By Dylan McConnell
Dylan McConnell is a Research Fellow at the University of Melbourne
Let’s be honest: the relationship between renewable energy and the electricity market is complex. So what does the latest report from Australian energy research firm RepuTex tell us?
Well, for a start, coal-fired power has reached a ten-year low.
The report, widely covered in the media, shows coal now makes up 74.8% of the National Electricity Market (NEM), down from 85.8% in 2008-2009.
At the same time the contribution of other energy, and renewable energy in particular, has risen. Hydro power makes up 8.7% of the market, with wind making up 3.8%, both record highs for these energy sources. This leads to the conclusion that greenhouse emissions in the NEM have also reached a ten-year low.
The RepuTex report indicates that both increased renewable energy generation and weaker demand is putting a “squeeze” on traditional generation.
This is ultimately reducing the market price of electricity as renewable energy competes with coal and other traditional energy sources. But, as said, the relationship between renewable energy, competition and market prices is complex.
Does renewable energy lower prices?
In 2011 the Victorian Auditor-General reported that the brown coal industry was concerned that the 10% renewable energy target would deliver too much too quickly which would reduce wholesale electricity prices and impact on brown coal generators.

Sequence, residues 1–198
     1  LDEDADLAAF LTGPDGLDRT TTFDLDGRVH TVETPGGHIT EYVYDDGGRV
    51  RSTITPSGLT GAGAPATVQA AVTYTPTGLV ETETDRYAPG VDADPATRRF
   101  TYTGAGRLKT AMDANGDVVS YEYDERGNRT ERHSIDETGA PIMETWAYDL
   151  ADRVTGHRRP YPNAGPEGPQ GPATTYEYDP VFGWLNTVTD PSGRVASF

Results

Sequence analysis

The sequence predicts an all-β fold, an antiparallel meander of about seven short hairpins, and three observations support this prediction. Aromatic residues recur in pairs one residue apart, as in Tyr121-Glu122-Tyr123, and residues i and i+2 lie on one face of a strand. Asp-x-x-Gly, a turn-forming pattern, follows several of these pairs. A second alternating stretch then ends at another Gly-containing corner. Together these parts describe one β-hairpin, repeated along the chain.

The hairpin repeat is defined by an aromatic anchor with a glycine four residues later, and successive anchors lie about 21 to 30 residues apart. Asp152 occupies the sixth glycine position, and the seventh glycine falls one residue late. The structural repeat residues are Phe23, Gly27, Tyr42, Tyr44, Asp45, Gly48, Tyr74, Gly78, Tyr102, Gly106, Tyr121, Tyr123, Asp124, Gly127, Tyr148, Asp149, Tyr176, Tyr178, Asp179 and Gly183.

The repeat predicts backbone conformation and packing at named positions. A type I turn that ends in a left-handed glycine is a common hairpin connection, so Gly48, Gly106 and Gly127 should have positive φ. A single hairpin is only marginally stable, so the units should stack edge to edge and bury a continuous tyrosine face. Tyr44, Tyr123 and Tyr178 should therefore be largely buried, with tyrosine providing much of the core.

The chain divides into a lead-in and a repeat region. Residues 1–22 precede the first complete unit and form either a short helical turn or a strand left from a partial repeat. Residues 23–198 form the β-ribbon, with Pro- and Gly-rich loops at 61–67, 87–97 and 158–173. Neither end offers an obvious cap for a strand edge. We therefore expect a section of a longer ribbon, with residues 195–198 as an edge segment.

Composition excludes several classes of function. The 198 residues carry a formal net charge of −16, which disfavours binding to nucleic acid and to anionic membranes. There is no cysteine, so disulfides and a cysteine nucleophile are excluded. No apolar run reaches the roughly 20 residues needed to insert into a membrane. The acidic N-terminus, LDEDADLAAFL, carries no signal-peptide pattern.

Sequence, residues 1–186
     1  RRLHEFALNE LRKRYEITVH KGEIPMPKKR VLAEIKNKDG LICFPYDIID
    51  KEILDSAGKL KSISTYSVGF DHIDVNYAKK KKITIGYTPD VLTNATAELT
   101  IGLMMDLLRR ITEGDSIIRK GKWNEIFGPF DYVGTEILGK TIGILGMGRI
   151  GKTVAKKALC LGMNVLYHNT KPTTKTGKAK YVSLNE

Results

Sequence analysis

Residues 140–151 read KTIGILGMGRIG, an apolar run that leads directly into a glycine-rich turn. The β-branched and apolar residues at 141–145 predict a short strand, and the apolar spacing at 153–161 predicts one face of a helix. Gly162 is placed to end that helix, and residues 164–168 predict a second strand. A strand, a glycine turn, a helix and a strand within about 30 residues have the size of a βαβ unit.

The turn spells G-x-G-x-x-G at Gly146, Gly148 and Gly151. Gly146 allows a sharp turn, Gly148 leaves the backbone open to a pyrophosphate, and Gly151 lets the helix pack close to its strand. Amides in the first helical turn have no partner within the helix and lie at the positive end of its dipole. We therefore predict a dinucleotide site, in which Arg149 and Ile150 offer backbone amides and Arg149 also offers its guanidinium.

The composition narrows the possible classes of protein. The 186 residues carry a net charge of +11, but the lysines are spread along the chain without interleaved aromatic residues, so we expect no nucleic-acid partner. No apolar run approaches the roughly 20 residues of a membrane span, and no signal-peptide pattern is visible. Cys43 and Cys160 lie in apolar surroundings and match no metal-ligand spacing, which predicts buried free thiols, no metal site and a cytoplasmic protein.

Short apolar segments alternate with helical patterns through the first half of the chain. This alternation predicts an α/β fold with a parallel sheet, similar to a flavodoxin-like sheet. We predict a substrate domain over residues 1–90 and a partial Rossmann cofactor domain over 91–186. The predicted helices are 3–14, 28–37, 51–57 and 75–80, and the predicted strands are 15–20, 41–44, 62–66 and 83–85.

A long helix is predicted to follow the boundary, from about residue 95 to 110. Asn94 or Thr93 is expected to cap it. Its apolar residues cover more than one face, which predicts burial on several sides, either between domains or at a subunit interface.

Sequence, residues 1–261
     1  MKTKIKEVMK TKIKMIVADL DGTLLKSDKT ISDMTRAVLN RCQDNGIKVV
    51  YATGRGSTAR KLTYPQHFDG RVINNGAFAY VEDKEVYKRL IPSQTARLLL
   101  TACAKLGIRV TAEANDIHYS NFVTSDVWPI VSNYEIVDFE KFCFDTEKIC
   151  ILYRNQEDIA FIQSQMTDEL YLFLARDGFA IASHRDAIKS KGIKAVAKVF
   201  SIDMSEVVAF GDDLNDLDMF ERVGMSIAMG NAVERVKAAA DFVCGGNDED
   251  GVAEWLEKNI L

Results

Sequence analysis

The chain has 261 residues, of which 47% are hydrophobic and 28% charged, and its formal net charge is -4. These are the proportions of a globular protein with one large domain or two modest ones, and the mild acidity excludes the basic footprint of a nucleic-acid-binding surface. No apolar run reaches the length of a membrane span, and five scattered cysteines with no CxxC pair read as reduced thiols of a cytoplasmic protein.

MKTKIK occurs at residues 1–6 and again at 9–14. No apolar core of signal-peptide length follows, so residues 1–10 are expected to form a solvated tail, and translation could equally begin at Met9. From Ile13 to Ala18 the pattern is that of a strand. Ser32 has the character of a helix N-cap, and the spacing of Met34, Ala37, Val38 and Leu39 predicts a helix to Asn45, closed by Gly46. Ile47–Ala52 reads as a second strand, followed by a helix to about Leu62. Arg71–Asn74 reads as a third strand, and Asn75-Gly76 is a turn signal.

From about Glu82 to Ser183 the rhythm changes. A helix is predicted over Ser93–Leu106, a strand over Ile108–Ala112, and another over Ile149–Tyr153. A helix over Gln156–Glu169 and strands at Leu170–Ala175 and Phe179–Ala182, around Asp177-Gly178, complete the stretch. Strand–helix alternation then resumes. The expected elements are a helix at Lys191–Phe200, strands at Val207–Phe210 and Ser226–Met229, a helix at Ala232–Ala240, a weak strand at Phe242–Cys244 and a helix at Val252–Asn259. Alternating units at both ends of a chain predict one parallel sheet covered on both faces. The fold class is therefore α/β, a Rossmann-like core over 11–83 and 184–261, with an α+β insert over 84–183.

We looked back and modelled the hypothetical impact of distributed solar photovoltaics (PV) on electricity prices in 2009 and 2010. Lowering the wholesale cost of electricity might offset the costs of renewable energy support schemes.
Using the model we estimated introducing 5,000 megawatts (MW) of solar would lower the market price of electricity by more than A$1.8 billion over 2009 and 2010. When we completed this analysis there was a minuscule 385 MW of solar in the electricity market. Now there is already 2,500 MW, making our estimate look conservative.
The Australian Energy Market Operator (AEMO) forecasts 12,000 MW to be installed by 2030 in their “moderate” scenario. The impact of PV on market demand is already starting to show on the market.
The average wholesale electricity prices for 2011-12 were the lowest (in real terms) since the market commenced in 1998. Even with the carbon tax, prices are not much above the long-term average of about A$50 per megawatt hour (adjusted to 2013 dollar terms). Recently, the Australian Energy Regulator (AER) reported that wind generation is moderating wholesale electricity prices in South Australia, and when there is less wind, prices are higher.